Central Command: Concert Hall Takes Control

12/06/2016

In the last decade {Perth Concert Hall in Scotland} hosted a diverse programme of concerts, performances, contemporary art, political conferences and corporate events. In that time the (very busy) tech team has naturally had to adapt to changing client demands and changing technologies. As a result, the venue was home to a variety of different AV systems, many of which didn’t talk to each other. The client brief was to bring everything (legacy equipment and new kit) together. “We had seven different audio systems in the building, and numerous different lighting controls. Just turning on sound and video in one room was a major mission, now it’s all achievable on an iPad.” says Patrick Dalgety, production and technical manager, Perth Concert Hall. And this is where integrator Autograph Sales & Installations enters the story.

At the heart of the new install was the decision to go with QSC’s Q-SYS Designer software.

Walking into the foyer the visitor is immediately struck by Scotland’s largest dedicated digital art installation. The foyer displays show a mix of art and advertising (promoting future events) and is fully programmable and linked to a central calendar which controls all the lighting and sound. The busiest room in the venue is the Norie-Miller Suite. The room can accommodate 120 people, or be split into two (for 50 or 60 people), and is home to workshops, music shows and AGMs. AV in here is controlled by panels in the wall. If the team needs to split the room a single button press will instruct Q-SYS the room is now in two. Depending on which code the operator enters into the panel, the operator can access different levels of control. For those events where the tech team needs a bit more control, the consultant specified JLCooper control surfaces, which take command of visuals, light and sound from one custom board. “This is one of the more custom pieces of this project,” says Chris Austin, technical sales manager, Autograph. “The JLCooper control surfaces came as a completely blank canvas, so we had to write our own integration into Q-SYS for that.”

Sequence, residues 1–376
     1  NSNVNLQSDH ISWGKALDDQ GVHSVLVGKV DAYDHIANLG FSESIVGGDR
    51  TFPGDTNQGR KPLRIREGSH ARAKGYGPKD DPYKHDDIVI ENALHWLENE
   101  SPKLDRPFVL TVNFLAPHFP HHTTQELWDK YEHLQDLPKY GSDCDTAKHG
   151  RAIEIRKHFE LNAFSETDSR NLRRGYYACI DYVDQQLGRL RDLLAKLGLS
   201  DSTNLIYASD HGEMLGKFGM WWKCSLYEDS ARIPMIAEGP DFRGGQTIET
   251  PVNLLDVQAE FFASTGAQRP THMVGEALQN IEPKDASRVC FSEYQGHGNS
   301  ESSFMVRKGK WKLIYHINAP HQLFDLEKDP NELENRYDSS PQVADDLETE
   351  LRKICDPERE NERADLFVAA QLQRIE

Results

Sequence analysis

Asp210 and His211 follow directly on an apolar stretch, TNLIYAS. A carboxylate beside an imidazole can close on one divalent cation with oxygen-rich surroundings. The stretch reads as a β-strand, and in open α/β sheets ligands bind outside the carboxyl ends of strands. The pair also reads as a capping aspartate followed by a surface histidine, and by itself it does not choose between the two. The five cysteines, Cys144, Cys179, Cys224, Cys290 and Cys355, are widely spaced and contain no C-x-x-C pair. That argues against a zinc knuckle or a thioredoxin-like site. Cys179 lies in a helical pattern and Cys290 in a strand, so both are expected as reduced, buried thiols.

The level of control the tech team now has with Q-SYS has obviously made a huge difference to their working lives, as Dalgety demonstrates: “All the Shure radio mics can be used anywhere in the building. You just go to the space you want and select the mic you want and that setup will come out in the right space. The inclusion of the automixer means we have presets.”

It’s not a small task managing what’s going on, as around the venue there are 130 channels running on Q-SYS, with around 60 running on Dante. Austin estimates there are around 200 channels of audio on the network in total, running at a continuous 300Mb/s, ‘it’s a heavily trafficked network,’ he adds.

Upstairs at the Concert Hall are more conference rooms, with the 16-seatre Tay Boardroom. Again, due to the flexibility of the space, Q-SYS has been programmed to reflect this; “Every morning at 4am everything gets set back to default. So the staff coming in first thing in the morning have consistency,” says Dalgety.
 

The benefits of the new technology are clear says Dalgety, “We have a faster turnaround, and fault-finding is easier.

“The scale of the network and the resilience required was quite a challenge,” continues Austin. “If it was a closed shop and we had total control of the network, it would be quite straightforward. The challenge here is I can’t control who is going to plug something in and where they are going to plug it. If a visiting engineer comes here with a Dante-enabled sound desk it’s fair game for them to plug it into the network.”

This article was originally published in the December 2016 issue of InAVate Magazine. To read the full article, please visit:

http://www.inavateonthenet.net/case-studies/article/central-command-at-perth-concert-hall